This short phrase, seven little words could be the first step to failure for a newly hired or recently promoted individual.
As the supervisor, the team leader, it appears that we can be available;
“just call,” “call anytime, day or night,” “I always have my phone with me.”
Time goes by, critical deadlines are missed or errors continue in work product.
The lament develops, “Why don’t they call?”
Why is this responsibility placed on the employee? Deadlines and scheduled completion dates are anticipated and understood by the existing staff, more so than a new employee.
Asking yes and no questions, will not provide much information. “Is everything ok?”
“Do you need any help?”
A new employee might not know what help to request. They could become concerned that asking questions or requesting assistance indicates they are struggling with the new responsibility.
Asking specific questions of a new employee,
- What project were you working on today?
- Was any of it confusing for you?
- Can we provde some additional background or supporting information that would give you a broader understanding of the task?
- Why don’t you show me what you’ve completed and explain the process as you understand it.
- Which projects have completion dates for this week? Are you comfortable that you will be ready to turn in a final product before the deadline?
For trainers/supervisors not physically sharing workspace this might appear to be a difficult or time consuming task. Placing reminders on the calendar or in Outlook, to initiate short follow-up conversations throughout the week will provide quick recaps to understand how the individual is comprehending the assigned task.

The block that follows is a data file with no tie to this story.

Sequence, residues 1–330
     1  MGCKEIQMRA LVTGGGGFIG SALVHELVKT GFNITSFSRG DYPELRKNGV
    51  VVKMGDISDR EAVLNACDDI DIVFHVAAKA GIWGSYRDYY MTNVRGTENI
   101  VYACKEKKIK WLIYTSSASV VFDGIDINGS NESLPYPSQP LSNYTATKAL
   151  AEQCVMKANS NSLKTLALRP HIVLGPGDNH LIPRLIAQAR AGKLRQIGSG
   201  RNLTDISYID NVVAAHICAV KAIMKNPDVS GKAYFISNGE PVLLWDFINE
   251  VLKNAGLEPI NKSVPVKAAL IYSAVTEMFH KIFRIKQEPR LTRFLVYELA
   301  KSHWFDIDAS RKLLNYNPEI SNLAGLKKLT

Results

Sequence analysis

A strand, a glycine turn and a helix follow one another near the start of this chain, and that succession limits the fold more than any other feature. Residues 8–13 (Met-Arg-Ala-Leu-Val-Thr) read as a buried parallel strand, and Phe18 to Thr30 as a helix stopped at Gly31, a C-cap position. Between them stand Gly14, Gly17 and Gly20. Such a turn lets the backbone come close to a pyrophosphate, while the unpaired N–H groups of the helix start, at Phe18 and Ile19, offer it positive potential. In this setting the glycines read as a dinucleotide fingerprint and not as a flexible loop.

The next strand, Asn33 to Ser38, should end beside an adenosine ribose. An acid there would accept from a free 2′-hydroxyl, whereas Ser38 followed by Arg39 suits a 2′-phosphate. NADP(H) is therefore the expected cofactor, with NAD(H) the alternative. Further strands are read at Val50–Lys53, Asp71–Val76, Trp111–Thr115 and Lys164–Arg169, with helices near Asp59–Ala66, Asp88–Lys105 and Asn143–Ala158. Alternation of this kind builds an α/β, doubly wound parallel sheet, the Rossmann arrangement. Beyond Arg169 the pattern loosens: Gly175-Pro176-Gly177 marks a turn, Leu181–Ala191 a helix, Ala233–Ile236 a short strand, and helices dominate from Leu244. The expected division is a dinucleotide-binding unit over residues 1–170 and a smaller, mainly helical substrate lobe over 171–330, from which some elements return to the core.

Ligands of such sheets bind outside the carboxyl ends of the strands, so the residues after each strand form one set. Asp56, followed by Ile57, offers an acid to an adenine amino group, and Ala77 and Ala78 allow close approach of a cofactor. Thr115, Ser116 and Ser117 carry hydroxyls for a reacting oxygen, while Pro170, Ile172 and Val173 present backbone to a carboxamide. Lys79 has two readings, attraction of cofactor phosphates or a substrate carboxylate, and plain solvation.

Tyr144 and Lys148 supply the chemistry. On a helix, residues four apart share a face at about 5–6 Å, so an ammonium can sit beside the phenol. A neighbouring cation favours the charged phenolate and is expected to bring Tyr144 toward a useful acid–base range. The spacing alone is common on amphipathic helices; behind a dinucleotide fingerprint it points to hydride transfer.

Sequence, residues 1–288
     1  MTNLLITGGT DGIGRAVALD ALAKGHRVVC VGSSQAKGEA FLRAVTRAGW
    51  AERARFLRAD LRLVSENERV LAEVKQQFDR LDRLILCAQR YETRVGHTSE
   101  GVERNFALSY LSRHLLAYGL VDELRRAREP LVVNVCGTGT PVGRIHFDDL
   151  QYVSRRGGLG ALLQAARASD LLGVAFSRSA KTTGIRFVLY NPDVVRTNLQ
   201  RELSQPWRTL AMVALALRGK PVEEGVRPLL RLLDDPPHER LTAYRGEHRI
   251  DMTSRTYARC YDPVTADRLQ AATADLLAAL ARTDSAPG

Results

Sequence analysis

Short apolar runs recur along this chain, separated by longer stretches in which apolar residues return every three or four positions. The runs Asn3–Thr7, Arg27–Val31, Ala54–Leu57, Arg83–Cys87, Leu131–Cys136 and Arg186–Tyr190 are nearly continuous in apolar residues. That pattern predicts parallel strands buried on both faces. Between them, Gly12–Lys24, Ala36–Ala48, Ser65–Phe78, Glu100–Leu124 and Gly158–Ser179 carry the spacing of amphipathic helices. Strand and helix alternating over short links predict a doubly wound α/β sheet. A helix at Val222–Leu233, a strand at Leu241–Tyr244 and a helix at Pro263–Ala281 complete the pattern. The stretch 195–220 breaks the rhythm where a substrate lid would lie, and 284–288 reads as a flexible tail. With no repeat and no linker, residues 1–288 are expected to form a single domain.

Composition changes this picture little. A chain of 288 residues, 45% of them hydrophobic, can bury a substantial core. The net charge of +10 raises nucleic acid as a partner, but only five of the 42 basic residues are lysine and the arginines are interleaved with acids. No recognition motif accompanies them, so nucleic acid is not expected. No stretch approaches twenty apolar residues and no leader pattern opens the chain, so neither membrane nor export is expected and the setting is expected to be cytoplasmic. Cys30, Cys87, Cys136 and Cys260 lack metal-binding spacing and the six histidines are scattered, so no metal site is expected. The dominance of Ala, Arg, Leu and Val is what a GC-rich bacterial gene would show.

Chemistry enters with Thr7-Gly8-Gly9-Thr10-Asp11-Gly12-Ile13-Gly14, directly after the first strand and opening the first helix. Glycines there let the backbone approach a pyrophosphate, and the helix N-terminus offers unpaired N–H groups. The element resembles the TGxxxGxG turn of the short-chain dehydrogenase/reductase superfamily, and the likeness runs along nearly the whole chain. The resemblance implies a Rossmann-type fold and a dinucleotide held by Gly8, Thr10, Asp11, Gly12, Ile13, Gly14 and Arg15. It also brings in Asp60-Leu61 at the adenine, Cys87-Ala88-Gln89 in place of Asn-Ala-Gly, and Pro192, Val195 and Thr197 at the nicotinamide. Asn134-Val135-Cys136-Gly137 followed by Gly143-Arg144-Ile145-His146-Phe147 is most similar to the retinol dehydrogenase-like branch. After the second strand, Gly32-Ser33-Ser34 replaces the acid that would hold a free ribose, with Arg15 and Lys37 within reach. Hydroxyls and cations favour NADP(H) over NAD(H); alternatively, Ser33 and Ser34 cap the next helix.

Wasted Time, Frustrated Effort
How often has a project been assigned to a new employee; when the report is submitted, it’s “all wrong.” Is this the result of the employee not preparing the report correctly? Or poor direction when assigning the task? Asking for feedback at the time of the assignment, “where will you start collecting the data needed for this? How do you anticipate organizing the results? Why don’t we meet again, at the end of the day to see how you’re organizing this project?” Could prevent frustration on a number of avenues.
Investing less than an hour a week, three or four short recaps could open doors to understanding instead of slamming them in frustration when the new employee fails, is fired or walks out.
Whether its realized or not, the call me if you have any questions..establishes a very uncomfortable win-lose balance. “I’m the manager, I have the answers.” The new employee has to “admit” they need help. It employs the power position of the supervisor:
-acknowledge that you need me.
-ask for intervention to fix, solve or intercede.
Creating confidence for an individual with new responsibilities, involves recognition for grasping new concepts, not limited to correcting errors. A proactive approach to employee development can establish an open and honest communication that will assist in the development of a future superstar.